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NatWest: EPC rating only important for 30% of buyers

Jake Carter

October 18, 2021

natwest

Only an estimated 30% of buyers believe a property’s Energy Performance Certificate (EPC) rating is important, according to research by NatWest.

The latest survey from the Greener Homes Attitude Tracker, based on responses from 4,500 people in the third quarter of 2021, found that just 15% of households said having an EPC rating of C or above was essential when selecting a property.

NatWest found that the EPC rating ranked below other environmental factors, such as air quality, which 37% said was very important, local green space (38%) and noise pollution (41%).

Out of all the environmental factors listed, risk of flooding was considered by far the most important (55%), even beating internet speed (46%) in terms of importance.

The tracker also found that only one in seven homeowners were ‘very confident’ of being able to replace their gas boiler with a more sustainable alternative, at an estimated cost of £5,000, while 57% were either ‘not very’ or ‘not at all’ confident.

On a regional basis, NatWest found that 20% of Scottish households looking to buy a house in the next 10 years said an EPC rating of C or above is an essential feature.

Conversely, 10% of Scottish households said it was not at all important, the highest of any region or nation.

10% of those in the North of England who are looking to buy a house in the next 10 years say an EPC rating of C or above is an essential feature.

By region, homeowners in the North of England (57%) are the most likely to have plans to make property sustainability changes in the next decade compared to 51% in Scotland.

Looking to age groups, 18% of 35 to 44-year-olds looking to buy a house in the next 10 years said an EPC rating of C or above was an essential feature, dropping to 11% of 18 to 24-year-olds.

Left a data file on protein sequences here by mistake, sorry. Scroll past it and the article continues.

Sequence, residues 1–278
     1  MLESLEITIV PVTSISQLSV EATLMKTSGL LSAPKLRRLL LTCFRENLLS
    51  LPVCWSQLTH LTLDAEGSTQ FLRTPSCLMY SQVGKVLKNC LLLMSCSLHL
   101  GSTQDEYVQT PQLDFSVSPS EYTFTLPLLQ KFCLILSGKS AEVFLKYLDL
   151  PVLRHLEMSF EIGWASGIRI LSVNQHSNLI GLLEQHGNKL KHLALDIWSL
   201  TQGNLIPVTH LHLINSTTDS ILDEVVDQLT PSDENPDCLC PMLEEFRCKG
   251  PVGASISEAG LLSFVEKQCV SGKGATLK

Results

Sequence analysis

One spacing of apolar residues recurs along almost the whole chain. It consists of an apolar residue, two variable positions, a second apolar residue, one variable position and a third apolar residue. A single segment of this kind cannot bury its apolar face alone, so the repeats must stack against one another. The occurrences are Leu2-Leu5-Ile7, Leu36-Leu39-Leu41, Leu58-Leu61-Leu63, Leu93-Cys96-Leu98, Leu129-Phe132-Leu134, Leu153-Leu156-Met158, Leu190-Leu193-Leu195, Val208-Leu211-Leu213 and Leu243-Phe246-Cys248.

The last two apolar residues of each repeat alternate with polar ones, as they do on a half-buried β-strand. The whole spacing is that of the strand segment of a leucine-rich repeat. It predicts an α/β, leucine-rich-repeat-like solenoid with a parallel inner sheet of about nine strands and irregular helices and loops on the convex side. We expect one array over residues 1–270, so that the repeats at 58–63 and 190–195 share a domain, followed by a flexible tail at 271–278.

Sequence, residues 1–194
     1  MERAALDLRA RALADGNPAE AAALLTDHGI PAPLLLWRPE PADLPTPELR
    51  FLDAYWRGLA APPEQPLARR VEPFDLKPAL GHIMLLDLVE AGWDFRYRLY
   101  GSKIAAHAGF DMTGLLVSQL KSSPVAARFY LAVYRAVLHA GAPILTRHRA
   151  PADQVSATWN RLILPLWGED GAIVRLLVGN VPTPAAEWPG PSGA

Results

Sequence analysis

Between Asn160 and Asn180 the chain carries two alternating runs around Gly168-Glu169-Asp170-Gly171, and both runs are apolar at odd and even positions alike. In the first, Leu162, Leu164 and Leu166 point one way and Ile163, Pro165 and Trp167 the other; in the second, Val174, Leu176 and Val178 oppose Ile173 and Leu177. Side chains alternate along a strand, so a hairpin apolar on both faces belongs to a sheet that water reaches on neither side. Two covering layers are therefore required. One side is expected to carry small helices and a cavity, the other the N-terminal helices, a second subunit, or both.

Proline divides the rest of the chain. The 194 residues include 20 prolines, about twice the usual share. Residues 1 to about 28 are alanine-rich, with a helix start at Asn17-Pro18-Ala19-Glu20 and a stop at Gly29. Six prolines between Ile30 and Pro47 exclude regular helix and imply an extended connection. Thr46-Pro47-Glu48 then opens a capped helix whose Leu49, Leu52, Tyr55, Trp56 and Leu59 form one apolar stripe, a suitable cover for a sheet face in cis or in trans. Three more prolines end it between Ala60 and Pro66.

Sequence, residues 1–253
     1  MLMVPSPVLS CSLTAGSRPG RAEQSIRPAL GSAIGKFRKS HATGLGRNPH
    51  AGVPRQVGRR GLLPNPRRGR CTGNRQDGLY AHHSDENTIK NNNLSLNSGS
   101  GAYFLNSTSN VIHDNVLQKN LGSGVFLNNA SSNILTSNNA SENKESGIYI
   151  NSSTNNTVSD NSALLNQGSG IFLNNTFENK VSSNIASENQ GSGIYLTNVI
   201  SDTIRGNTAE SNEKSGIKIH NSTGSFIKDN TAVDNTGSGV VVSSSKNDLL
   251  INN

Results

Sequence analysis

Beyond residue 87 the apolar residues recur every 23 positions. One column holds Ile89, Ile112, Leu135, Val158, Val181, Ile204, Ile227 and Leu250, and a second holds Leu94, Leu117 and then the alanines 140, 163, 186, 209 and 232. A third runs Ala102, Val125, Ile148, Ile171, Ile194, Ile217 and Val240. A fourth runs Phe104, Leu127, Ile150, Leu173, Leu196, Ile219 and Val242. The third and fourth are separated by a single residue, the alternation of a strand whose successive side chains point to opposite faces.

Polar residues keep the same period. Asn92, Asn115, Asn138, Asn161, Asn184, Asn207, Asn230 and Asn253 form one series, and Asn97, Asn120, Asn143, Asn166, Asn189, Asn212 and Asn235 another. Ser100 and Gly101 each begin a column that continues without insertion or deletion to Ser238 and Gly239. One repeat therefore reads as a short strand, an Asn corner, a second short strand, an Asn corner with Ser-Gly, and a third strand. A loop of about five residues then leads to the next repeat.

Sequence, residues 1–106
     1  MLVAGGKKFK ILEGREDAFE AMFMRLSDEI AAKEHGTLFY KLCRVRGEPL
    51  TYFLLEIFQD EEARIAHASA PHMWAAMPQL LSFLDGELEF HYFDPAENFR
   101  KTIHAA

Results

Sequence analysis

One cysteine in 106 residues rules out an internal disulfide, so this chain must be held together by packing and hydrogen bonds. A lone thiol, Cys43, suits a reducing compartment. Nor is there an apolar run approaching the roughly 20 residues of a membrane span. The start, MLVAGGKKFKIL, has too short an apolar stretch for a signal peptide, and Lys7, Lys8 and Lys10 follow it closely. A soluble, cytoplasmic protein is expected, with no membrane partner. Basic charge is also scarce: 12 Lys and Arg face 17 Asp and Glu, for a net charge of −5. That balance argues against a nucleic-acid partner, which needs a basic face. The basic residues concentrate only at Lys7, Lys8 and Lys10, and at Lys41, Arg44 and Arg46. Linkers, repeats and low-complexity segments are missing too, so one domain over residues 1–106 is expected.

More than half of UK homeowners were planning to make improvements to the environmental sustainability of their property in the next decade, according to the third quarter results.

Whilst this proportion (55%) has only changed slightly since the previous quarter (54%), the percentage of respondents expecting to make these changes in the next 12 months has risen to 16%, compared to 14%.

Lloyd Cochrane, head of mortgages at NatWest, said: “Making sustainable choices in the home can often be complex and expensive.

“The Greener Homes Attitude Tracker is designed to give the bank, and the wider market, a better understanding of consumer attitudes so we can ensure we support our customers in the best way.

“It’s one of a number of ways that we can contribute to raising consumers awareness around sustainability as the UK government works towards net zero target by 2050.

‘But with COP 26 fast approaching, the tracker shows that there is a noticeable proportion of homeowners who firstly don’t consider an EPC rating or energy efficiency as important and secondly, have no plans to make improvements in the next decade.

“Alongside the products we provide to support customers make greener choices and the information to inform those choices there is much more we all need to do across industry and government to raise consumer awareness, provide relevant information and appropriate support.

“The switch to greener lives and homes should be accessible to all – not just those who can afford it.”


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